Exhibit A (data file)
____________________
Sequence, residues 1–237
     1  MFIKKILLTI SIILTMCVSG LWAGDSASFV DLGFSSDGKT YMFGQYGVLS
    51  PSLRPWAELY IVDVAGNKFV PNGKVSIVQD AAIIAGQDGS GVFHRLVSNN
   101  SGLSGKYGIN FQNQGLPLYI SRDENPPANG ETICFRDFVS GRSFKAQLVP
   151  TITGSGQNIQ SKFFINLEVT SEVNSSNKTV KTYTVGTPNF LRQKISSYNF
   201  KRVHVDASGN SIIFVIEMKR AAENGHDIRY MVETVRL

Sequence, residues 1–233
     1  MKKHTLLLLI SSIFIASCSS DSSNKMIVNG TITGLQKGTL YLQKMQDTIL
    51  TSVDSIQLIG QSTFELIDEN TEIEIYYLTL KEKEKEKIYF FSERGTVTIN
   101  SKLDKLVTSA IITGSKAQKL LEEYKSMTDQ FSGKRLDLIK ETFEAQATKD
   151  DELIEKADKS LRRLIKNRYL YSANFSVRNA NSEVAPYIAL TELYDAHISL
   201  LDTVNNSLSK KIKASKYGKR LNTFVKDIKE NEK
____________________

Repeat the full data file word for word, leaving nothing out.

Sequence, residues 1–237
     1  MFIKKILLTI SIILTMCVSG LWAGDSASFV DLGFSSDGKT YMFGQYGVLS
    51  PSLRPWAELY IVDVAGNKFV PNGKVSIVQD AAIIAGQDGS GVFHRLVSNN
   101  SGLSGKYGIN FQNQGLPLYI SRDENPPANG ETICFRDFVS GRSFKAQLVP
   151  TITGSGQNIQ SKFFINLEVT SEVNSSNKTV KTYTVGTPNF LRQKISSYNF
   201  KRVHVDASGN SIIFVIEMKR AAENGHDIRY MVETVRL

Sequence, residues 1–233
     1  MKKHTLLLLI SSIFIASCSS DSSNKMIVNG TITGLQKGTL YLQKMQDTIL
    51  TSVDSIQLIG QSTFELIDEN TEIEIYYLTL KEKEKEKIYF FSERGTVTIN
   101  SKLDKLVTSA IITGSKAQKL LEEYKSMTDQ FSGKRLDLIK ETFEAQATKD
   151  DELIEKADKS LRRLIKNRYL YSANFSVRNA NSEVAPYIAL TELYDAHISL
   201  LDTVNNSLSK KIKASKYGKR LNTFVKDIKE NEK